Anthony Agyeman and his girlfriend Megan Shears are running a Facebook video ad. They’re on a rooftop terrace in Dubai. The view is absolutely breathtaking. Megan asks why we’re not in ecommerce yet. The cameraperson zooms in on their laptop. They show their latest case study story: a Walmart account that did almost fifty grand in the last thirty days. Since that particular store was launched four months ago, it’s done a total of a hundred and forty-two thousand. And it was completely hands-free, Anthony adds. Is it just me or is something off about these two?
Anthony shows a different Walmart seller account. This one’s for one of their clients. They did five hundred and twenty-one thousand dollars in revenue in the last four months. Another client supposedly did almost nine hundred grand in revenue in only six months. Again, one hundred percent hands-free, thanks to their Walmart automation service. They’ve got an entire team of experts dedicated to our success. Just sit back and collect passive income.
I want to believe them. They seem like a sweet couple. But I hear warning bells ringing. For starters, they don’t look anything like the typical nerdy internet marketer who would sit behind a computer all day, learning about tech and ecom. Second, their schtick seems to be all lifestyle marketing. No substance. Their Instagram feeds are loaded with luxury and adventure, but there is zero evidence that they know anything about selling on Walmart.
Third, Anthony’s Facebook fanpage has nearly thirty-six thousand likes, but his posts get almost no interaction. Is that because he bought some of those followers? Fourth, Anthony admits he used to sell drugs. Even got busted. Now I’m all for second chances, but I also believe people don’t change their moral standards. If Anthony was willing to resort to illegal activity to make money in the past, can we trust that he’s on the up and up today?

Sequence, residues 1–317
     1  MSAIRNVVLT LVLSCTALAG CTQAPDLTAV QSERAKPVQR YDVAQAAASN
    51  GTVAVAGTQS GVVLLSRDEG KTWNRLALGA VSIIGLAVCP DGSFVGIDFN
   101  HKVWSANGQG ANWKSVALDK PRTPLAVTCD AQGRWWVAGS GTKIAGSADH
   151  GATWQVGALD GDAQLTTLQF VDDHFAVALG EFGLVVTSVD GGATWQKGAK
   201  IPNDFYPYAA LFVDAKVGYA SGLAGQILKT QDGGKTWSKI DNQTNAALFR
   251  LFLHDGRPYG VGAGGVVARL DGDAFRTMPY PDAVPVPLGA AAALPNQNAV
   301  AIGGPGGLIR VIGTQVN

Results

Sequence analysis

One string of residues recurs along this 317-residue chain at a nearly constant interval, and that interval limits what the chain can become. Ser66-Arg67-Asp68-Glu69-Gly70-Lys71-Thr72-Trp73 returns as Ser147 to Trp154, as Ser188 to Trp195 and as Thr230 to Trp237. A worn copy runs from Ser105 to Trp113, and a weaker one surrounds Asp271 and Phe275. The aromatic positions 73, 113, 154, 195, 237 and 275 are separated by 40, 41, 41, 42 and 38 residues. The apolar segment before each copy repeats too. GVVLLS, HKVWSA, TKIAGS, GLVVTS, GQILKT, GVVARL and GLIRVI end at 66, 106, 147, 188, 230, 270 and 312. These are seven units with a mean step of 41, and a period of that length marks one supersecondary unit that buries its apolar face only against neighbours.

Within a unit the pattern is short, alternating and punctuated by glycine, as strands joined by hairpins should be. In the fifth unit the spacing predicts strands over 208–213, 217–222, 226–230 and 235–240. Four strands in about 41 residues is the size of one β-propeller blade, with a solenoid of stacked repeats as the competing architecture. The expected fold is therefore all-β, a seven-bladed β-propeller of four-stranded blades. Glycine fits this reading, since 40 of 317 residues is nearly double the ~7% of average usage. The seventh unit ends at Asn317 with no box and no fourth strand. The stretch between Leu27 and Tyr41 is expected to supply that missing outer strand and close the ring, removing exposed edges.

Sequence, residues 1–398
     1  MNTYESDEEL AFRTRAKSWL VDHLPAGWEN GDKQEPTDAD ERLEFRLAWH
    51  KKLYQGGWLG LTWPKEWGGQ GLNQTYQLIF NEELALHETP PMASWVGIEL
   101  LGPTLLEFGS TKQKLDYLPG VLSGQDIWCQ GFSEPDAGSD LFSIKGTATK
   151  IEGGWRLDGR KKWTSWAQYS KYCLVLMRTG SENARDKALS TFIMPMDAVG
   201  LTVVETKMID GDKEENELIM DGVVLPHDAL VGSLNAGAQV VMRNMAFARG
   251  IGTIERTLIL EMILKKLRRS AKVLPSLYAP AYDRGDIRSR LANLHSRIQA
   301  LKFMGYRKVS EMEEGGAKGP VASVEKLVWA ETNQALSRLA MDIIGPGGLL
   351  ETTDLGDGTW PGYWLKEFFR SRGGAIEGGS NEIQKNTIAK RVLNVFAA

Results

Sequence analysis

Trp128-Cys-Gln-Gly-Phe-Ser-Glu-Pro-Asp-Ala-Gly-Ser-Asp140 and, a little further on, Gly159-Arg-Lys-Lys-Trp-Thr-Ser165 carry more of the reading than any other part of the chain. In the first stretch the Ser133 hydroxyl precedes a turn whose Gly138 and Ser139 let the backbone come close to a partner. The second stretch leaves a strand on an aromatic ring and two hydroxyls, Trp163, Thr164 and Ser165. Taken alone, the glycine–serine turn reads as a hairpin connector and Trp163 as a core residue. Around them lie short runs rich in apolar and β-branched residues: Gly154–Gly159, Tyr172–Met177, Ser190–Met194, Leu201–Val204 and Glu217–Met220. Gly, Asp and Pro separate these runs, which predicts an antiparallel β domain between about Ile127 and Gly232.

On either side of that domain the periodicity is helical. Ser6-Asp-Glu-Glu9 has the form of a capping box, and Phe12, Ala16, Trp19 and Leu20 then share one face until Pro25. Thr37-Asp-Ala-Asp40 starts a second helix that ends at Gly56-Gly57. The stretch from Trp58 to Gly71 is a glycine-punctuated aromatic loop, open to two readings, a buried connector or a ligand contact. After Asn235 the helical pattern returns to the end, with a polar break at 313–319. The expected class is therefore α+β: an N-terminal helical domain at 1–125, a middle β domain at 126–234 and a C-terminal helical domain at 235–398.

Fifth, I always find it suspicious when these young gurus pop up out of nowhere, you Google them, and they magically have all of these credibility-boosting articles already written about them on Forbes, Entrepreneur, Disrupt Magazine, Bloomberg, Influencive, and other “trustworthy” websites. All of them published within days of each other. And if you click on the author’s bio, on Forbes, for example, the gal happens to run a PR firm. Coincidence? I think not.
Sixth, their pitch. I don’t know about you, but when I hear “do nothing and enjoy tens of thousands of dollars a month in hands-free income,” I’m going to be skeptical. I’m willing to keep an open mind, and look for evidence that might prove my suspicions wrong. But in this case, Anthony Agyeman and Megan Shears only made it worse. The more I researched them, the more concerned I became.
Time will tell whether or not they are legit. If they are selling people a ten- or twenty grand Walmart automation package and not delivering results, no amount of (paid) positive press can keep that covered up. I hope they are legit. I hope it just looks bad from my vantage point. I hope, going forward, Anthony and Megan can put out some content to prove they are indeed experts at Walmart dropshipping. And that they don’t just make their money from selling you the dream.
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